Samantha Futerman  was adopted as an infant and raised in New Jersey. She currently lives in Los Angeles, where she is pursuing a career as an actress. Her credits include roles in the films  Memoirs of a Geisha  and  21 & Over , and the television series  Suburgatory ,  The Big C , and  Up All Night , among others.

Lisa Pulitzer  has coauthored and ghostwritten numerous books, several of which have become  New York Times  bestsellers.

Reviews 1

Booklist Review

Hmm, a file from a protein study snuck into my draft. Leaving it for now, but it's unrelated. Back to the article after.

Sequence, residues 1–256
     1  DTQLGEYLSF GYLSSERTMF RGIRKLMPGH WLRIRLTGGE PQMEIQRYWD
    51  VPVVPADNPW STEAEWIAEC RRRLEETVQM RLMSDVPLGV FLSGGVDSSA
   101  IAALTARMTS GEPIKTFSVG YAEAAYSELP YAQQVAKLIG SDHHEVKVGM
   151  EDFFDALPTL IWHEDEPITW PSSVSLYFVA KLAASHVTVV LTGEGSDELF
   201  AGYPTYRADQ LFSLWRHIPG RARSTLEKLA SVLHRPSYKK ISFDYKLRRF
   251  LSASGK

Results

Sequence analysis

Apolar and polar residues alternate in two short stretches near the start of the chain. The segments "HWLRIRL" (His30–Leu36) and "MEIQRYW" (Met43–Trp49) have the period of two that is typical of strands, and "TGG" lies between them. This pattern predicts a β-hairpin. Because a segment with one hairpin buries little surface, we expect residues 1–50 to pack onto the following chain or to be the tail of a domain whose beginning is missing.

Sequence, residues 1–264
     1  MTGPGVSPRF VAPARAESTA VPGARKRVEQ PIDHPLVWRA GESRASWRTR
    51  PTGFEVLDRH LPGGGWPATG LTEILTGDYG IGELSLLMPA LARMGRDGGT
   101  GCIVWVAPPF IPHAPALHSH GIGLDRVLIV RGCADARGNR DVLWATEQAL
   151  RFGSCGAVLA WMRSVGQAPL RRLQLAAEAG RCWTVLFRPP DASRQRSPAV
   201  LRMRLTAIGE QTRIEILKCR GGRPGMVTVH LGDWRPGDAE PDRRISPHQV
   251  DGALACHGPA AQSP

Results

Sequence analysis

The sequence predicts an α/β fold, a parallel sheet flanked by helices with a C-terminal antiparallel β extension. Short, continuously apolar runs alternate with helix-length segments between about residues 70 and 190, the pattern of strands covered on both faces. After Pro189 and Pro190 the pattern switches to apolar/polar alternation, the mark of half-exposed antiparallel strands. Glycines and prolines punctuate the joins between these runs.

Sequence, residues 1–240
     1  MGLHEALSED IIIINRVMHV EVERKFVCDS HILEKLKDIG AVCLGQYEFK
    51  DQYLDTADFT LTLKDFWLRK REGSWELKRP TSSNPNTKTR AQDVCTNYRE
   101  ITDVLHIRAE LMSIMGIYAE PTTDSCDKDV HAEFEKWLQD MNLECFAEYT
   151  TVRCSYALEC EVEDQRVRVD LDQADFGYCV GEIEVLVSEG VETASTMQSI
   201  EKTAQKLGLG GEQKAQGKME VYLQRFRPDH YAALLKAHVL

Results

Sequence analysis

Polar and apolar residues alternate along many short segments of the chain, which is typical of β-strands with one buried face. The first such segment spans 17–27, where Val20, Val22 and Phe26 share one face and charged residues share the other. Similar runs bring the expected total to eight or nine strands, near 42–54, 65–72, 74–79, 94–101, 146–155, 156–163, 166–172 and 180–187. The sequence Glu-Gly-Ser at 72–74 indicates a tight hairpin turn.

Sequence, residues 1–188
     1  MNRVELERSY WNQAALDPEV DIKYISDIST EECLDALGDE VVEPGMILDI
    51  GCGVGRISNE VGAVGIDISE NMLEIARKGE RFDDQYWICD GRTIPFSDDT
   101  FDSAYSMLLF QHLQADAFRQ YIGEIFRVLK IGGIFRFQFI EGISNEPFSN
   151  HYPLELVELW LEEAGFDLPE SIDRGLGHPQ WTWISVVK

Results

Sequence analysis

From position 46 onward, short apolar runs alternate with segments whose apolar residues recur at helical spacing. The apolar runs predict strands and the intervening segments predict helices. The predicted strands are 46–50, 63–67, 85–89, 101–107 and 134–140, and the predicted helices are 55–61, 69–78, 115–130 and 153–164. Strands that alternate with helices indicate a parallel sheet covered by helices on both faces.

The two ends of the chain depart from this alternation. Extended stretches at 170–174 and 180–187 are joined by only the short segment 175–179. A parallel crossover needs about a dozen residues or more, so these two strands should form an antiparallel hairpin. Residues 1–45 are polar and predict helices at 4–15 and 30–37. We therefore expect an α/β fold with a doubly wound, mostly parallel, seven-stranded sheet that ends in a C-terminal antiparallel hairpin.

Twenty-five-year-old French fashion student Anaïs Bordier was shocked when a friend sent her a YouTube video featuring a Los ­Angeles-based actress who was a dead ringer for her. Anaïs, who was adopted as an infant from South Korea, immediately began to research the girl in the video, Samantha Futerman, and learned that Samantha was adopted from the same city in South Korea and that the two shared the exact same birth date. Fairly certain that Sam was her twin sister, Anaïs reached out via Facebook and started to correspond with Sam. The two found they had much in common, and when they scheduled a Skype call, it was like looking into a mirror. Already certain they were twins, Anaïs and Sam decided to bring their families to London for their first meeting, travel to Seoul to learn more about the adoption process, and make a documentary, Twinsters, about their incredible story. Inspiring and winning, Sam and Anaïs' tale is a testament to the power of sisterhood as well as the way social media can positively affect lives.--Huntley, Kristine Copyright 2014 Booklist